DUBOIS, Pa. — Thanks to a gift from a generous donor, Penn State DuBois engineering students and faculty have another way to distinguish themselves as members of an outstanding program. A new scanning electronic microscope, now housed in the engineering labs, is available, meeting a variety of needs, and bringing some research capabilities in line with labs at University Park.
The microscope is utilized by faculty as a valuable instructional tool, with which they can train students on equipment they'll go on to use in their careers. It will also be available to students conducting research projects as part of their academics. Additionally, industry partners at local manufacturing facilities will be able to use the microscope in researching their own methods to improve production.
The Jeol JSM – 7200F is among the very latest and most advanced scanning electronic microscopes available. It is capable of magnification of up to one million times an object's actual size, almost instantly. By way of comparison, the old microscope this one replaces was capable of magnification of 200,000 times, and required hours of processing to produce images.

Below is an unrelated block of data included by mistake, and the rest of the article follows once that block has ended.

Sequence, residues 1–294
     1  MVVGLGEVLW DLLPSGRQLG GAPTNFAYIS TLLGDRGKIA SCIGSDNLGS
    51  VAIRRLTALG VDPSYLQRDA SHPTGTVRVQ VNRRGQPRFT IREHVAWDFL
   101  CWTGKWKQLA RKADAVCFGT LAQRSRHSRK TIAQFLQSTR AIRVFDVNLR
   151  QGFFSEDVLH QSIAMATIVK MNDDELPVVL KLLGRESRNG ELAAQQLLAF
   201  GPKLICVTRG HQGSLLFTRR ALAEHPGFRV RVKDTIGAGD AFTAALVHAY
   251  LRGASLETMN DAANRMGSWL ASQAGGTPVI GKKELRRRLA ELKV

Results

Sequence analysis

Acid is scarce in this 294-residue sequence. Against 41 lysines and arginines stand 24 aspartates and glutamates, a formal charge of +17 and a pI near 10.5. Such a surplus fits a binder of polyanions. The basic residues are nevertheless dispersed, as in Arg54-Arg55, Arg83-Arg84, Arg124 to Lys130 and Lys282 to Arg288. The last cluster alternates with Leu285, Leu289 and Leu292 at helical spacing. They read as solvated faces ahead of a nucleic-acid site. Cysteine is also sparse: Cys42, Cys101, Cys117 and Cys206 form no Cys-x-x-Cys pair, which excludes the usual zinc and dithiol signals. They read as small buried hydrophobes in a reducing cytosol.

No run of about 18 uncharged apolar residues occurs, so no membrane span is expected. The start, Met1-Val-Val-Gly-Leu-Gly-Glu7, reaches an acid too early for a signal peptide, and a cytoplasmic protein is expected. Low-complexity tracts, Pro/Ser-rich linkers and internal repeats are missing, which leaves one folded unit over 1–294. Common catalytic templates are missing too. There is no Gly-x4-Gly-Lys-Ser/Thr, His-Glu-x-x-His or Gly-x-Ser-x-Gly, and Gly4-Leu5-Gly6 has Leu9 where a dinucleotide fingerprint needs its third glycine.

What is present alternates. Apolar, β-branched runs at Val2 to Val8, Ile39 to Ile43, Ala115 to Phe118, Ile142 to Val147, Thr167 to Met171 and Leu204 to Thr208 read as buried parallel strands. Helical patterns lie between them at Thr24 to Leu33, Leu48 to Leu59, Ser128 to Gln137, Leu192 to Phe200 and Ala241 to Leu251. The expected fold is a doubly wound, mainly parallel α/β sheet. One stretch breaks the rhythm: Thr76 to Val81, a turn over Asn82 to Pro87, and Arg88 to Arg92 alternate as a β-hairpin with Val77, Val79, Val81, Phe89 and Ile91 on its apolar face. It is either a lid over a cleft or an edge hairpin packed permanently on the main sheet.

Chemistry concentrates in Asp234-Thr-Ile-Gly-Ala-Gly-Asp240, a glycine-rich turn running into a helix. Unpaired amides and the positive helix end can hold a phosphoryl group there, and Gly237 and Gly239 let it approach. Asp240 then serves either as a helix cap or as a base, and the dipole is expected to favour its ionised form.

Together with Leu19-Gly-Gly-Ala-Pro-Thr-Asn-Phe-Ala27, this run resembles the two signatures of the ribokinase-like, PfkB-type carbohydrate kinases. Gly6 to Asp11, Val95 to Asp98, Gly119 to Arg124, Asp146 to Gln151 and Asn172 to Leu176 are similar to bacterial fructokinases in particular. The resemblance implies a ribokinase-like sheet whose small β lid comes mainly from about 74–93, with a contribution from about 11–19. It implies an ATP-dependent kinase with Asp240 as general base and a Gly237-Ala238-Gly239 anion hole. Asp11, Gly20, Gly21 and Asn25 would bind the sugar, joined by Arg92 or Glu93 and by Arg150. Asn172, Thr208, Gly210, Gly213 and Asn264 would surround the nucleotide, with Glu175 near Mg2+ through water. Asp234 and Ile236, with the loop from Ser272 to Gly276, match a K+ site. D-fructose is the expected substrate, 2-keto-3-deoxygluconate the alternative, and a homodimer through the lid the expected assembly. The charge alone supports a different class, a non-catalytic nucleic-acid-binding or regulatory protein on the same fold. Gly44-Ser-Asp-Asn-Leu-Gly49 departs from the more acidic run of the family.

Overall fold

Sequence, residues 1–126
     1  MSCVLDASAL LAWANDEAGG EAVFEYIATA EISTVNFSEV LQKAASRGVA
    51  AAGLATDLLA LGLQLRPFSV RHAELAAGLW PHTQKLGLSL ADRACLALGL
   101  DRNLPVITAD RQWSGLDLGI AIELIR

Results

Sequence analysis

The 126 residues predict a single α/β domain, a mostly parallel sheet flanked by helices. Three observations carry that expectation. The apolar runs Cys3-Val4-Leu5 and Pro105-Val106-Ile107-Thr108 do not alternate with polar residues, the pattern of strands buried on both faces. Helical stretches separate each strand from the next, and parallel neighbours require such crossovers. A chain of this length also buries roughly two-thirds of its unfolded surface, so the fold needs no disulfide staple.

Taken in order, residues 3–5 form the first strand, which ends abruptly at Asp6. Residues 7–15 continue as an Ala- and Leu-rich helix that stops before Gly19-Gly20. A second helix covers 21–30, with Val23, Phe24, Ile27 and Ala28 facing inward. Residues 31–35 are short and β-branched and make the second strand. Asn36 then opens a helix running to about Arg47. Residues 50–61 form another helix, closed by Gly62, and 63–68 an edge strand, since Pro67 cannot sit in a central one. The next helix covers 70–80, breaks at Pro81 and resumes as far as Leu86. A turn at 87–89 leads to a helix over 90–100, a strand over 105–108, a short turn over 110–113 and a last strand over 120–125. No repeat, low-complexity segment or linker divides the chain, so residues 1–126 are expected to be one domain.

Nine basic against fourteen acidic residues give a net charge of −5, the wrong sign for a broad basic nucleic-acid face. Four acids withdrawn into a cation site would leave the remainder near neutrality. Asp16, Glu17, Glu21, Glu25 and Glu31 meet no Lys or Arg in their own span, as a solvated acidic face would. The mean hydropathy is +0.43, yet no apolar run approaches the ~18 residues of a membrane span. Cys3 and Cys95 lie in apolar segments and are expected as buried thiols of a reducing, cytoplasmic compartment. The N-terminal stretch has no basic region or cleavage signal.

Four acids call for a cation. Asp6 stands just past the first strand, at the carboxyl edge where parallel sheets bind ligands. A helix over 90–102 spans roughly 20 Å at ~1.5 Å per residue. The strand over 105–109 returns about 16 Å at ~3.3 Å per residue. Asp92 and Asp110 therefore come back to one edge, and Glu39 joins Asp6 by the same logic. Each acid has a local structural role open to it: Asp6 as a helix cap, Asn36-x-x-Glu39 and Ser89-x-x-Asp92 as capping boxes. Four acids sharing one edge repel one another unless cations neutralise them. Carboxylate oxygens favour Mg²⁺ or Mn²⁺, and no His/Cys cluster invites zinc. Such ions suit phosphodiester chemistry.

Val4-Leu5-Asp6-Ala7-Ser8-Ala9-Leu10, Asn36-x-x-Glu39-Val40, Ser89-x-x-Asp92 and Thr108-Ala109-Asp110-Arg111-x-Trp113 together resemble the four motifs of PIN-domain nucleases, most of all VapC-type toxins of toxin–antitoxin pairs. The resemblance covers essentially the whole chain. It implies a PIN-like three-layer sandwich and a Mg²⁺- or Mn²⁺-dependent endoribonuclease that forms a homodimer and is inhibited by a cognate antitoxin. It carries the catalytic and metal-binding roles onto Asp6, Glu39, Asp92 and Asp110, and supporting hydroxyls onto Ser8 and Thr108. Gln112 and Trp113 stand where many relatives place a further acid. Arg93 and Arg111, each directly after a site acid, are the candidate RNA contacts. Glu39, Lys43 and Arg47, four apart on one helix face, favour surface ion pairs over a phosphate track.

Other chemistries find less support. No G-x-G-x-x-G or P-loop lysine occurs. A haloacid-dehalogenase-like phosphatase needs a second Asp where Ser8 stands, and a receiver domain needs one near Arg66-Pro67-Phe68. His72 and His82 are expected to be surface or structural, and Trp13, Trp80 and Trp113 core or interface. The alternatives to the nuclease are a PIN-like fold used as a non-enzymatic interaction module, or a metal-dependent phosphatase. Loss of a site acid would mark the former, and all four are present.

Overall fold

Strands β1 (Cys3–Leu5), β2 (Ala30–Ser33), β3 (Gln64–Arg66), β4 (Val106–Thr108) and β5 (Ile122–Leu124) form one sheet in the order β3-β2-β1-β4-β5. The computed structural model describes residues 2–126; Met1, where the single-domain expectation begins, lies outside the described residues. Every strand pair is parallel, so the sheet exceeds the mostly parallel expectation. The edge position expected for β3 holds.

"I'm just speechless at its capabilities compared to the old one. I don't know where to begin," said Research Technician Glenn Rishel.
The microscope is a valuable tool in discovering the composition of materials, such as powder metal. Understanding the makeup of such materials can tell engineers how they can improve the material, making it stronger, or even which materials work best for producing which products. Powder metal products are used as components in things most people use every day, such as cars and home appliances.
Valued at nearly $300,000, the purchase of this microscope was made possible by donor support such as the lead gift of $200,000 by Charles Snapp, Penn State class of 1963. The remainder was covered through unrestricted contributions from additional donors. Snapp is a campus alumnus and long-time supporter who has established multiple scholarship funds throughout the years, and was enthusiastic about finding a new and different way to give back to the campus.
"Everything that I've given to Penn State DuBois over many years was given in gratitude to the campus where the first and biggest step in my life's long journey took place," Snapp said. "As to why I chose to fund the scanning electronic microscope project, I wanted to do something for the campus that benefited a larger group of students. The scholarships that I've funded benefited individual students. The microscope was something that I saw benefited a larger population of students. This is something that students majoring in engineering, wildlife technology and possibly other majors could benefit from. Not only that, the microscope could be available to private industry in the area.